It’s happening all over America, probably right this minute wherever you live: Countless people are stumbling through the day, eyes glazed over and their minds losing focus.
No, it’s not the zombie apocalypse. It’s just sleep-deprived students struggling to make it through another school day.
Experts say teens need 9 to 10 hours of sleep a night. Yet most fall far short. About 60 percent of middle schoolers and 70 percent of high schoolers get less than 8 hours of sleep on school nights, according to the Centers for Disease Control and Prevention. That’s a major problem because weary minds have a hard time learning new information—exactly what’s required of students.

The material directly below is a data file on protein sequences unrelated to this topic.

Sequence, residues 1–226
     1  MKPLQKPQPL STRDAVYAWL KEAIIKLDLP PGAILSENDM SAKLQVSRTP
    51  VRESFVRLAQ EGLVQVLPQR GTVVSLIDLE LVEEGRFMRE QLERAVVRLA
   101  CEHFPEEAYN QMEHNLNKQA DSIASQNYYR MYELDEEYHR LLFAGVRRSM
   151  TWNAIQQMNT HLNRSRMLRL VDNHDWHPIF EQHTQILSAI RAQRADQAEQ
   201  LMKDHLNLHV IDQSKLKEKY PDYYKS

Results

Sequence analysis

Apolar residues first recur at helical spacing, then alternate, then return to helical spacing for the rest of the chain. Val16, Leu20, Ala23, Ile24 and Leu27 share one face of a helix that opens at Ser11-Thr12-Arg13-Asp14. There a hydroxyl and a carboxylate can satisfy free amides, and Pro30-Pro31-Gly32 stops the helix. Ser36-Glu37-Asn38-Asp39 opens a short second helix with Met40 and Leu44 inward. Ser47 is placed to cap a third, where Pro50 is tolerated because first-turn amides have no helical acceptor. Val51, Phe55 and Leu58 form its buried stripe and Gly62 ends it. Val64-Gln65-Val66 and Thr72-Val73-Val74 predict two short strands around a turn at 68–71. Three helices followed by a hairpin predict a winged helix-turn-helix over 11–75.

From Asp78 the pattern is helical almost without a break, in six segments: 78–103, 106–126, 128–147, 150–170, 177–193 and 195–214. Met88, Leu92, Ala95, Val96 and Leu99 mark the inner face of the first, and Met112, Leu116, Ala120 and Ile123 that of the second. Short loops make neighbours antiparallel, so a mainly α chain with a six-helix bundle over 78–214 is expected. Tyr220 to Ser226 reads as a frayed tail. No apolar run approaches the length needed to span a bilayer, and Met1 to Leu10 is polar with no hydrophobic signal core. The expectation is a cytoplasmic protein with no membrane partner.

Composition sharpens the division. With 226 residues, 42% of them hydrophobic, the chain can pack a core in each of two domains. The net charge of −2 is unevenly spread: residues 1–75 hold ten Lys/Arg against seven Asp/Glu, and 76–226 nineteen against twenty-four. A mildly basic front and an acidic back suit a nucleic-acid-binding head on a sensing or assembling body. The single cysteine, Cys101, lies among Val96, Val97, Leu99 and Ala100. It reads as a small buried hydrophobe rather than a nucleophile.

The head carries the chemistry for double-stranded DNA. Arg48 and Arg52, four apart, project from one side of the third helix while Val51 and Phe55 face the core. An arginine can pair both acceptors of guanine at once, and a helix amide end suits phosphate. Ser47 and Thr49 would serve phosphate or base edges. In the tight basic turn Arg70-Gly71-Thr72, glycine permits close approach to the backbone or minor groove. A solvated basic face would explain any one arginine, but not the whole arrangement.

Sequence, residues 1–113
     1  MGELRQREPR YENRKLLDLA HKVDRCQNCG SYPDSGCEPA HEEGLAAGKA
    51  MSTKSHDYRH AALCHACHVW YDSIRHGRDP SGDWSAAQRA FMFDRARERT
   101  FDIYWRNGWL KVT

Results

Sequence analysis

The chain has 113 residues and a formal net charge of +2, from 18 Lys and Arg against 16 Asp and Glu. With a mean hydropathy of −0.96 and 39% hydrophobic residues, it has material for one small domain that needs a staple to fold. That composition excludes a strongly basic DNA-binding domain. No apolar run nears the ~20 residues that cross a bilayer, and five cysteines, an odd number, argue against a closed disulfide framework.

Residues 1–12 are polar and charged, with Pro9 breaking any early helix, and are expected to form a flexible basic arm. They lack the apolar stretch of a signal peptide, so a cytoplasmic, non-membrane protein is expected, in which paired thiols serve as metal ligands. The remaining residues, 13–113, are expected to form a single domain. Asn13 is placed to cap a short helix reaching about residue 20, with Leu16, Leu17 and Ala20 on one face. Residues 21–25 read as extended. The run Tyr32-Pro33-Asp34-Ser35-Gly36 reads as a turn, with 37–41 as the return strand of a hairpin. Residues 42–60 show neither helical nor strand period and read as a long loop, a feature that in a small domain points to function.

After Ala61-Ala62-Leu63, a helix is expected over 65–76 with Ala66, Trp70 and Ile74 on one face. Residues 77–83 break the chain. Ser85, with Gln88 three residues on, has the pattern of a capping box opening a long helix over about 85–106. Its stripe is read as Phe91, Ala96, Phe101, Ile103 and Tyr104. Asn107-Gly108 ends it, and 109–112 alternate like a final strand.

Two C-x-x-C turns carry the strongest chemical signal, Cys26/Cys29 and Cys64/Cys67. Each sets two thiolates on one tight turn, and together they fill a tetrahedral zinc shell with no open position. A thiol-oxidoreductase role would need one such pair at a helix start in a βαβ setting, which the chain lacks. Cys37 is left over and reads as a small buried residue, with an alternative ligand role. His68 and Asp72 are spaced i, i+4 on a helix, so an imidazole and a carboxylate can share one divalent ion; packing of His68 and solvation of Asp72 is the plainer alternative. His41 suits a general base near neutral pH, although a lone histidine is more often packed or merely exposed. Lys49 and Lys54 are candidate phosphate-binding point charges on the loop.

Now some schools are trying to address the sleep-shortage problem by letting teens nap during the school day. In Las Cruces, New Mexico, for instance, some high schools have added nap pods—recliners with hoods that can be pulled down over a student’s head to block out light and other distractions. At those schools, teens can request to leave class and go rest for 20 minutes.
There’s no question that the average American teen doesn’t get enough sleep, but is allowing kids to nap in school really the answer?